With my brilliant idea to get a good view of Shibuya Crossing defeated, we headed back down and tried a pedestrian walkway over one of the roads that leads into Shibuya Crossing.
There’s a glass wall in between, but otherwise the view is pretty good and there aren’t many people, so you have plenty of time to film a time lapse if you want to. Getting a good viewing spot for Shibuya Crossing that’s free and empty is very difficult, so I’m pretty happy with this.
You may have noticed that our meal earlier at Meat Alley wasn’t very big, as everything was shared between Karl and I except for the yakiniku platter, which we got 1 each. That was tactical for both budget reasons and to keep our stomach ready for something else, and we decided that something else shall be ramen. Not just any ramen, some say the best ramen restaurant in Japan – Ichiran.
As a chain restaurant with many stores around Japan, it’s pretty impressive that they’ve garnered enough praise to have a legitimate claim to having the best ramen in Japan. Usually when we talk about the best in something food related, it’s usually only fancy places and Michelin starred restaurants in the conversation.
However, Ichiran isn’t just famous for their ramen, people come from all over Japan and the world for their unique service too. One of their concept seems to be minimising human interaction and instead letting their food be the star of the show. There are no waiter to take your order, only a machine (although we’ve already seen that on our first day)
After you get your order is probably the only time you’d have face to face contact with a human at Ichiran, as a staff member will direct you to one of the available seats.
Unlike most restaurants, Ichiran is the perfect place for solo diners. The whole place seems to be set up so that people who are eating alone can be in complete peace, as solo eaters are often self conscious about being alone in a restaurant. At this location there are only counter seats (some locations have tables for groups), and you can put up a barrier between you and the adjacent seats to have some privacy, or put them down if you want to talk to your friends.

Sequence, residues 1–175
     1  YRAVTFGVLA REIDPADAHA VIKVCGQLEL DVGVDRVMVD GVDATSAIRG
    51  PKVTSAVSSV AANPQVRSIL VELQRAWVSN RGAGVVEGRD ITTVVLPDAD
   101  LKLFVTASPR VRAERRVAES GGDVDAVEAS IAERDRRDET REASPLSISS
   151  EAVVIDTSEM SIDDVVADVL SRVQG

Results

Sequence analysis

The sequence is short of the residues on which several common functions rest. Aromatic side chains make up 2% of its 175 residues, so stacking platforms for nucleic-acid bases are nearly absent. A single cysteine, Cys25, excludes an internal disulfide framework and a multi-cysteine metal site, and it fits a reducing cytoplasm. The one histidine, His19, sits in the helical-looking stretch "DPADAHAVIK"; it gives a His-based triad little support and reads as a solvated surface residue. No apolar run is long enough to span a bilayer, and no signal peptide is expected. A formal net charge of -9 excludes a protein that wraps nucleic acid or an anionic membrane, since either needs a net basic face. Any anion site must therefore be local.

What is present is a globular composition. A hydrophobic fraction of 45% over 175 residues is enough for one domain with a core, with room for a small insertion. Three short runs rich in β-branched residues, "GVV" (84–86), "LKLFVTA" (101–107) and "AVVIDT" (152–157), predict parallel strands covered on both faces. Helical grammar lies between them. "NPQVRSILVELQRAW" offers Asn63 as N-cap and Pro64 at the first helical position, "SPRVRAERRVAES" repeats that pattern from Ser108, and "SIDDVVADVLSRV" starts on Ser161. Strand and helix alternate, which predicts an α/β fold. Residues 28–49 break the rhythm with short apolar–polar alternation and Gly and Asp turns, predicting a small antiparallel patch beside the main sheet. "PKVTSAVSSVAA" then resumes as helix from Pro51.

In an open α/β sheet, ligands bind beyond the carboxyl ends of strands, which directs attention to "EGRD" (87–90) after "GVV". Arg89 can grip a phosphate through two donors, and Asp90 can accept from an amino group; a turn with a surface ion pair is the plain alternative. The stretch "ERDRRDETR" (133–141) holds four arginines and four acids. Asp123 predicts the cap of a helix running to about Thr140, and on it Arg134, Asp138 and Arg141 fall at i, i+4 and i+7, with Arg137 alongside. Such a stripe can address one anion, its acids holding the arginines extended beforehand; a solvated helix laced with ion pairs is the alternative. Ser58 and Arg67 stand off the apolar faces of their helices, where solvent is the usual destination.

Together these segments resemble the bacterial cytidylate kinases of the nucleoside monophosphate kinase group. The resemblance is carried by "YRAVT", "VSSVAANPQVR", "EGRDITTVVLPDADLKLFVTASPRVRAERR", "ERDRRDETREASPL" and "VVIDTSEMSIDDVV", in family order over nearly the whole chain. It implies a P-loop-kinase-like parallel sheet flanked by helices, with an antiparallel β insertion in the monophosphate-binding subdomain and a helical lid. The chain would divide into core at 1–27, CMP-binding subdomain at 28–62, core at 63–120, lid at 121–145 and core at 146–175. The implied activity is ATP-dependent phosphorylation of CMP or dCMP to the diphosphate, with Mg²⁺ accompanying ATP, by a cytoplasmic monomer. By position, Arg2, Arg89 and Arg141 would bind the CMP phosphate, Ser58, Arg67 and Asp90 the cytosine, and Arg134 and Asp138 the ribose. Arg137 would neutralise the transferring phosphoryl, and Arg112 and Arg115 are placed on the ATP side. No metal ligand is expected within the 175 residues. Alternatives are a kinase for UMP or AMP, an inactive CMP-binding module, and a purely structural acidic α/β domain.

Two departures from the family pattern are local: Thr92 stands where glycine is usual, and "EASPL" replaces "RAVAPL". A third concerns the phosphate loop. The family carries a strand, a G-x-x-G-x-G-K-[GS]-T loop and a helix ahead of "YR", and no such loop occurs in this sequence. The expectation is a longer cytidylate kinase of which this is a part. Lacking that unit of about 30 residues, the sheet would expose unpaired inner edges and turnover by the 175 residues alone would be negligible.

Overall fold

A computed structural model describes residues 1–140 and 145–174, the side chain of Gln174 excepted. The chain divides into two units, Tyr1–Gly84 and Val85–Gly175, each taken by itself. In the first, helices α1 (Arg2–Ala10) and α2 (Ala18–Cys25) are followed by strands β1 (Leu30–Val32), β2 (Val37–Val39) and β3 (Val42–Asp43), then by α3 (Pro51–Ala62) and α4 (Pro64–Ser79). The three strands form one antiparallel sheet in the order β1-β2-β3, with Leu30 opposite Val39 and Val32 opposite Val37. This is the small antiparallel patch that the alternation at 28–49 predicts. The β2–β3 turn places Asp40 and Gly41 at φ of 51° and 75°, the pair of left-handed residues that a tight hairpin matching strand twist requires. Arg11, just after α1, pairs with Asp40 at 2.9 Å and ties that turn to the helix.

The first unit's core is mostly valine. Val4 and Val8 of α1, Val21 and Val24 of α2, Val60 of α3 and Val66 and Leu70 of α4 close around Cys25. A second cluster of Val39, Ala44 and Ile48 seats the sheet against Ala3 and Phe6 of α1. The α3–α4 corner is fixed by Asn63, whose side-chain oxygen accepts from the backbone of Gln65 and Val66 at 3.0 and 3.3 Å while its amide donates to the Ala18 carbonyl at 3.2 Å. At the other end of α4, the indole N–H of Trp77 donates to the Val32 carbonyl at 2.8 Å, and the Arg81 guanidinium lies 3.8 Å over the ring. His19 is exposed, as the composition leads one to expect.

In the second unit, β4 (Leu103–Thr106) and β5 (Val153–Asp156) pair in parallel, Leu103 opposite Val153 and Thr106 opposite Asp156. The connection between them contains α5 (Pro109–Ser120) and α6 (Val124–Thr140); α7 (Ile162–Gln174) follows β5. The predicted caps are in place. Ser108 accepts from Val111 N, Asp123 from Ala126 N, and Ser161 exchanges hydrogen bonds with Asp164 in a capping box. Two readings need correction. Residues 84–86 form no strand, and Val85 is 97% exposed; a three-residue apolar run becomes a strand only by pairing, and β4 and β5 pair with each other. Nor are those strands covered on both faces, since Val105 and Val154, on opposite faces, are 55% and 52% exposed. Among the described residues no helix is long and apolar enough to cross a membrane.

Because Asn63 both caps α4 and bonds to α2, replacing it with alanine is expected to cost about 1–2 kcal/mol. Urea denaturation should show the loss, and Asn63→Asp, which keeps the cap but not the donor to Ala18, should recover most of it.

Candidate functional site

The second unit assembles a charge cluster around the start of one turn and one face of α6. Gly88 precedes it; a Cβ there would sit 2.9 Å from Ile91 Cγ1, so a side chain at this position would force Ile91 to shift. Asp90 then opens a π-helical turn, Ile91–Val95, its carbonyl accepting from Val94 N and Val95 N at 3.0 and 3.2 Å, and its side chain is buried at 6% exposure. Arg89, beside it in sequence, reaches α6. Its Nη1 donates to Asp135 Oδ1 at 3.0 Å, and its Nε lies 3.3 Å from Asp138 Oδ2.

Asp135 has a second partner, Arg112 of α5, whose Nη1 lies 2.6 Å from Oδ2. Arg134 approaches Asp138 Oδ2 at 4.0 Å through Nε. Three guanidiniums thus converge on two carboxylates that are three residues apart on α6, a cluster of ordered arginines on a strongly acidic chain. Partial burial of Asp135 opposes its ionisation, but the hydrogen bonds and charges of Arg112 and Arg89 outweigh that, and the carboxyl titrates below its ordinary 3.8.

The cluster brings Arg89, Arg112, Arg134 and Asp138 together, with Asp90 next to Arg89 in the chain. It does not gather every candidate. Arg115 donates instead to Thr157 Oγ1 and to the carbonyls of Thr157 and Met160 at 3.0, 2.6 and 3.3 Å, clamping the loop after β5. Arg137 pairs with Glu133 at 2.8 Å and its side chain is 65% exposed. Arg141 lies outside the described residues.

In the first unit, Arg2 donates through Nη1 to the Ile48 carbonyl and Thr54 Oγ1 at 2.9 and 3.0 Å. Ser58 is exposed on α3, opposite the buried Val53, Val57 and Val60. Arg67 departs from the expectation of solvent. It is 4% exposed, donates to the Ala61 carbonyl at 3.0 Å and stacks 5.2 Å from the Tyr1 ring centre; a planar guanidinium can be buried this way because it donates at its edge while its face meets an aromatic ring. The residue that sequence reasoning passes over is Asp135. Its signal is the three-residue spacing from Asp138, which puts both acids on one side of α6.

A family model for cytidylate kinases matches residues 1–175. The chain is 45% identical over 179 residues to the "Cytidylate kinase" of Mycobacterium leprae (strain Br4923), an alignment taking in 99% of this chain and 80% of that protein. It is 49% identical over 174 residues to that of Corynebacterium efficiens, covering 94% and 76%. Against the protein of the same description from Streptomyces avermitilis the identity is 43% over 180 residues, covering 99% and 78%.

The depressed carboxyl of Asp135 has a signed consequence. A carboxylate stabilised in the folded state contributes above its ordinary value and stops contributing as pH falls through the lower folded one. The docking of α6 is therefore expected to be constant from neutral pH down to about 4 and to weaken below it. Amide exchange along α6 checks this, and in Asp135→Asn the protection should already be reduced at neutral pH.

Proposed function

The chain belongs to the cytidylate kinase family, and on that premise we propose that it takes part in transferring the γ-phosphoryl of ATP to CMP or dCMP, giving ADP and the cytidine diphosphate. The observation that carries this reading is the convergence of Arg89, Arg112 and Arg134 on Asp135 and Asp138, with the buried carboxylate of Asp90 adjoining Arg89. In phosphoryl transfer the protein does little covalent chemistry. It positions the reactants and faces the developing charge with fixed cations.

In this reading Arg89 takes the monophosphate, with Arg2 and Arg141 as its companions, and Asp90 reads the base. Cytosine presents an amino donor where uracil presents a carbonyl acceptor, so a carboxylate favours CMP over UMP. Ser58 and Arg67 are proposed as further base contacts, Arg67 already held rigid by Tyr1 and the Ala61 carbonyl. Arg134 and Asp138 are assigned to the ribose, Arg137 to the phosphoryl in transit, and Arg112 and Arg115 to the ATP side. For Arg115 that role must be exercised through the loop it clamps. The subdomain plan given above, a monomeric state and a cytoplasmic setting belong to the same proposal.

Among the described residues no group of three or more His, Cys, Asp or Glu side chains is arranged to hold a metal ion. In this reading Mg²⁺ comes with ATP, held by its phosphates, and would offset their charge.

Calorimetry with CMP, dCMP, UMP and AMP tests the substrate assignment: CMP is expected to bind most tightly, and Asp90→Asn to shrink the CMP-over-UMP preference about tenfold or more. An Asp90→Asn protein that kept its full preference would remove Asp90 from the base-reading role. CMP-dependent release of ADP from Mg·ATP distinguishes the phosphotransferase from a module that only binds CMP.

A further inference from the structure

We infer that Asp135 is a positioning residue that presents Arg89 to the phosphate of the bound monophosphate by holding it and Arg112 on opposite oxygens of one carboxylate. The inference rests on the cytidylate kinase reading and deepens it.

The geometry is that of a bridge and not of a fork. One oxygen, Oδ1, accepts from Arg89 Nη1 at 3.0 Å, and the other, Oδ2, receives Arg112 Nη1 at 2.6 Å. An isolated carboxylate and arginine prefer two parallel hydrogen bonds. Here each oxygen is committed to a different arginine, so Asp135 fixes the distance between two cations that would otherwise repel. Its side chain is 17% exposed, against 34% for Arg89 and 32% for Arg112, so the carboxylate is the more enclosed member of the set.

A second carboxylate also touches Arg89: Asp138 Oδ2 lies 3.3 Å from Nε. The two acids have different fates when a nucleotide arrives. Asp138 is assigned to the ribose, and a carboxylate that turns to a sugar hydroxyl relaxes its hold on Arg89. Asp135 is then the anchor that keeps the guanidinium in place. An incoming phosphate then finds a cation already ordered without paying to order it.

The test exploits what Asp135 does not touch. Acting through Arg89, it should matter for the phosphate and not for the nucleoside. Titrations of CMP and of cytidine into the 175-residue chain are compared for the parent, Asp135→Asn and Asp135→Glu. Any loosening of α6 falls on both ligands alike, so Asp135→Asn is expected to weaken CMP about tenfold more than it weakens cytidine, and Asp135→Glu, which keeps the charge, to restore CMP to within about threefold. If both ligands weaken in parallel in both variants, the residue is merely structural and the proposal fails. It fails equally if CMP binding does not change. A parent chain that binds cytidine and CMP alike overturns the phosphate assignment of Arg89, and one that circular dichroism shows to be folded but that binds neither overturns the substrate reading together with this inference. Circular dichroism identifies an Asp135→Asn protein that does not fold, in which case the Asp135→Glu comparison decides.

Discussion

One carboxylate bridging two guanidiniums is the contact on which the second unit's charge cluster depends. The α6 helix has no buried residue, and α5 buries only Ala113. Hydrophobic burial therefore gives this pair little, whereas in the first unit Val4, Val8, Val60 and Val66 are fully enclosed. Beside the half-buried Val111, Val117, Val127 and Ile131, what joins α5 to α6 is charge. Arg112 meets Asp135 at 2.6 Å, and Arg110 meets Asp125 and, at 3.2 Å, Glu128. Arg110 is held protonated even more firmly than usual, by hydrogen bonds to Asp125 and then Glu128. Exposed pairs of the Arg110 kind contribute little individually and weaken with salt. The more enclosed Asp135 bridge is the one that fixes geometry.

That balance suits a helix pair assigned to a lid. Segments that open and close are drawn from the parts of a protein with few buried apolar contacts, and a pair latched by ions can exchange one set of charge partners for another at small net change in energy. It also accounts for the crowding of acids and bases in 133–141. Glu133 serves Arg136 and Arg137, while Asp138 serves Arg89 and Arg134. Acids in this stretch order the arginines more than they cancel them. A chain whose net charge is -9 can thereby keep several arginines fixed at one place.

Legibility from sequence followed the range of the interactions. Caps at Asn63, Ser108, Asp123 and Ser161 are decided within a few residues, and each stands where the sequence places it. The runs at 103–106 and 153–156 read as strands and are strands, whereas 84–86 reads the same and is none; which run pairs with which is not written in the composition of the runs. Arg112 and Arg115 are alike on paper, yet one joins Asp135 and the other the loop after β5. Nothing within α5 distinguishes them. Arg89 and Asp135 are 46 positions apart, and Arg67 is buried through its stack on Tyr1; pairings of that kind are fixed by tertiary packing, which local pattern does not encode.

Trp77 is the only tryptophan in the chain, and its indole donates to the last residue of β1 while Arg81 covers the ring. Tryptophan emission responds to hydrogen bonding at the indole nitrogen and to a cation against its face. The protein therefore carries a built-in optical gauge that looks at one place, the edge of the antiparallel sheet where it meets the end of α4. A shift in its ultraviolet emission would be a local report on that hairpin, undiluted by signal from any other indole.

There’s only a small opening at the front of your seat where the chefs behind will stick out their hand to take your order, without ever showing their face. Don’t worry, it’s not a robot there’s an actual person behind there, I managed to stick my hand through and take a picture 😀
Once the mysterious hand takes your order away, you also need to fill out piece of paper to specify how you want your ramen to be made. They get pretty specific here…
Few minutes later, your delicious looking ramen will arrive, ready for you to enjoy.
The soup was very rich in flavour but not too thick and the noodles were cooked just the way I like it. The half-boiled egg was a good addition too, make sure you dunk it in the soup to soak up all the tonkotsu flavour! Japan seems to be the only country that really like their eggs half-boiled such that the yolk is still runny but the egg white is solid. As a side note, you actually have to crack the egg yourself here, which was a problem since I’ve probably cracked less than 10 eggs in my lifetime LOL. The pork slices were tasty but once again they were pretty thin, and to think I ordered an extra serving of pork too. Skimping out on meat is a problem I’ve seen with all ramen, as I’ve ranted about earlier. The entire meal including the extra meat was about $15, so again not the cheapest but similar to Sydney prices. Still, this is the best ramen I’ve had thus far in Japan, and thus by extension anywhere, but I’m not ready to declare it the best just yet, still got plenty of meals left in this trip!